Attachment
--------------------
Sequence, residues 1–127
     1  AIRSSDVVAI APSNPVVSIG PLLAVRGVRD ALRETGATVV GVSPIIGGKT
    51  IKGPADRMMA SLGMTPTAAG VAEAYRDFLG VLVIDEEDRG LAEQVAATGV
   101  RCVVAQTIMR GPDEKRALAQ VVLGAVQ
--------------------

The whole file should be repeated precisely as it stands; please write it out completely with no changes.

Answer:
Sequence, residues 1–127
     1  AIRSSDVVAI APSNPVVSIG PLLAVRGVRD ALRETGATVV GVSPIIGGKT
    51  IKGPADRMMA SLGMTPTAAG VAEAYRDFLG VLVIDEEDRG LAEQVAATGV
   101  RCVVAQTIMR GPDEKRALAQ VVLGAVQ